Tuesday, May 10, 2016


Thanks to all those who have written and asked for an update on my health.

To sum up...
it's as good as it's gonna get! 

I am fully cognizant of the fact that 
at my age 
I won't be getting healthier
more fit
less stiff, crunchy 
or stronger.

So I've learned to appreciate the days when I'm relatively pain free,
can move through all my obligations and make it home 
before I take off my bra, collapse in a heap 
and rot my mind while watching TLC
or fall asleep during Masterpiece - 

clearly I still aspire to be smarter!
I continue to make the rounds every two months 
of my Internist, Rheumatologist and Oncologist.

I get monthly blood work (vials and vials worth);
now that I think of it, 
maybe that's why I'm tired!
The diagnosis the docs have settled on is that I have
severe Rheumatoid arthritis and smoldering myeloma -
who knew 'smoldering' anything
was even a legitimate thing?

It means I have a malignant process going on in my bone marrow,
the manufacturing of an extra type of protein,
but I have none of the end stage organ failure that goes along with multiple myeloma.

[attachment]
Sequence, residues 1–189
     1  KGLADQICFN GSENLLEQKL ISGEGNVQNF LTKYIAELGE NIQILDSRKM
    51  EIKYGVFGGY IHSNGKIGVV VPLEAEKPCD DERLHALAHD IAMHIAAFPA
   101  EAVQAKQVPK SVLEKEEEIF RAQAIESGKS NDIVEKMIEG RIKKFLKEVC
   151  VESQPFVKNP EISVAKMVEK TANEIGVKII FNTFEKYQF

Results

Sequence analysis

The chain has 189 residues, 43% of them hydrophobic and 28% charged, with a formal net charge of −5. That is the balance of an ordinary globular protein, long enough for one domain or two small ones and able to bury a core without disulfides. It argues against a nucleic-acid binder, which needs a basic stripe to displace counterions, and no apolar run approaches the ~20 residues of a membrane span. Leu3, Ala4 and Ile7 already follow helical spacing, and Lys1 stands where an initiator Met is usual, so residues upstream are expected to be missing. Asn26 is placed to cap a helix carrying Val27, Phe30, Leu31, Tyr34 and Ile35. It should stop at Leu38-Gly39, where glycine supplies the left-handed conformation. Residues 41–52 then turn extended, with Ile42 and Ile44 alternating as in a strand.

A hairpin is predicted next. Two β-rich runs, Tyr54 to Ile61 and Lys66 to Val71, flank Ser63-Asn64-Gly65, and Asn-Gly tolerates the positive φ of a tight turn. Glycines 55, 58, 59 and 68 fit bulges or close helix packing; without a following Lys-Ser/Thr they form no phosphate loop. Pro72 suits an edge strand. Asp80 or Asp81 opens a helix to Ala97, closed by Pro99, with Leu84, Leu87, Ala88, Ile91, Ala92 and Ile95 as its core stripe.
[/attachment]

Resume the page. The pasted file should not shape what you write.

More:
All multiple myelomas begin as smoldering myeloma
but not all smoldering myelomas go on to develop to multiple myeloma;
does that make sense?

If you're from St Louis, 
the analogy that fits best is that I'm the human equivalent of

You know there's dangerous shit going on just below the surface,
so you constantly monitor everything you can
 in order to try to predict when all hell's going to break loose -
while you figure out how to head it off if and when it does.

Chances are good nothing will ever come of all the smoldering; 
that I'll die while on a Mission trip or coming home from Schnucks...

and that's when it hit me.

This diagnosis doesn't mean anything - 
except that it makes me exactly like everyone else.

All kinds of dangerous, life threatening stuff could happen
without warning.

No amount of monitoring 
or self care
 is going to change the outcome.
There's no supplement that can prevent our inevitable end.

Yet I take some supplements that can't hurt
and the medication the doctors say WILL help

I'm living each day as fully as I can.
Laughing, loving, working, worrying, 
looking forward to future travels, new family members,
exciting changes in the lives of people I love 
and in the communities to which I belong.

Despite what the arrow says on the diagram above,
I'm here,
right here,
right now,
actively looking for
and finding 
every day.
Life is good.

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